Offended??? Maybe not. Maybe the NYTimes likes getting f*cked in the a$$. I for one will pass. And this btw on the same day the NYTimes polled me for my opinions about its puzzle section. Had I done the puzzle first, you would have never gotten the "9" I gave the section.

Rose Madder 12:48 PM  

The Titian limerick @Numi cites is not original with him. Which @Numi scrupulously makes perfectly clear in his post. Here's a reference, for anyone interested:
http://blog.bestamericanpoetry.com/the_best_american_poetry/2013/10/titian-a-limerick-from-london.html

old timer 1:02 PM  

I just thought of the following clue, for some reader/constructor's future use:

"Fishy heir?"

(As always, a little knowledge of French is helpful.)

Numinous 1:11 PM  

@Rose Madder, I've known that limerick since I started memorizing them in my teens. While I've written some myself, 99% or them are inappropriate for this audience. Also, limericks are deceptively difficult to write. Most of the limericks people make up aren't actually limericks they just sort of sound like one. Google 'how to write a limerick' to sse.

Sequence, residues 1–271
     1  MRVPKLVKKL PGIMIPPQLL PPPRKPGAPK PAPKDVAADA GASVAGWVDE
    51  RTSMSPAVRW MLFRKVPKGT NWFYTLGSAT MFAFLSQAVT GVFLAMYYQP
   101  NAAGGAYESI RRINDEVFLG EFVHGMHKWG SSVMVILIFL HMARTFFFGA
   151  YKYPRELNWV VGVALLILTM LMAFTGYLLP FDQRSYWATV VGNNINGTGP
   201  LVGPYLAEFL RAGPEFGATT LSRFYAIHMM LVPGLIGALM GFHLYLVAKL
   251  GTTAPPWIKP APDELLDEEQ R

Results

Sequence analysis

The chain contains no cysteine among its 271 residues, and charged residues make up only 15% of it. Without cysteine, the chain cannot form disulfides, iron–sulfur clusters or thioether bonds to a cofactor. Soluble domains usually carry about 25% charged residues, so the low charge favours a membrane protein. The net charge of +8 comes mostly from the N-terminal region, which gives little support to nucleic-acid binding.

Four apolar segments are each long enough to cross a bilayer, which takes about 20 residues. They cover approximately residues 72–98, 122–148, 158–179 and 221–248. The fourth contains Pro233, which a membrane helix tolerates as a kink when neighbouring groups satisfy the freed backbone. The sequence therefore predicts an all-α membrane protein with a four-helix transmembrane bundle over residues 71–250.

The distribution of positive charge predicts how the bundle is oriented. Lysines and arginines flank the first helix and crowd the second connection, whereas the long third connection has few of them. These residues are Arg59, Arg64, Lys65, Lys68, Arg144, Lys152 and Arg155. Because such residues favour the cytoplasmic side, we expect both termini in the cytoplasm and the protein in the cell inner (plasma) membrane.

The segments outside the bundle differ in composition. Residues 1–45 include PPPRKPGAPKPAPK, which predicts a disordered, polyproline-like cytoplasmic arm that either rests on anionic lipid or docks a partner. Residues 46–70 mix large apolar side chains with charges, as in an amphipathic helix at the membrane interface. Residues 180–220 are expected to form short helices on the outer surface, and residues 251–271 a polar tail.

Thank you for noticing that I was in no way trying to claim that as my own.

Teedmn 1:19 PM  

Did anyone else KISS butt on this puzzle? I found it GummY at first but didn't get stuck too long in the GLUE. My LOOSE LEAF folDER was nixed by my doubting of I CAlSO. I worshiped in the Apse which was AFAR from correct. I had no problem with ASSOCIATED PRESS because I put CIA in right after the FBI and NSA emerged from their undisclosed locations.

Thanks, Joel, this was lots of fun yet pretty easy for a Thursday. I loved STATICKY, MISS ME and PINE CONE as clued.

Nancy 2:00 PM  

To @Numinous (12:13 and 1:11 p.m.):

A limerick quoted by Numinous
Is nifty and naughty and luminous.
He asks: "Can you top it?"
Oh, Numinous, stop it!
The struggle to do so's consumin' us.

Randy 2:01 PM  

I really enjoyed this one. It was a nice change of pace after the last few, which were pretty uninspired.

JC66 2:16 PM  

@Nancy

Good one!

GHarris 2:28 PM  

Couldn't finish with the morning coffee. Had the AHA moment on the subway where I was lucky to get a seat. Thought it was north of medium but fun and satisfying to finish.

Brian 2:44 PM  

@Hartley70 Yeah, I went back to check if the blackout letters worked vertically, too, but i guess that'd be an insane feat of construction.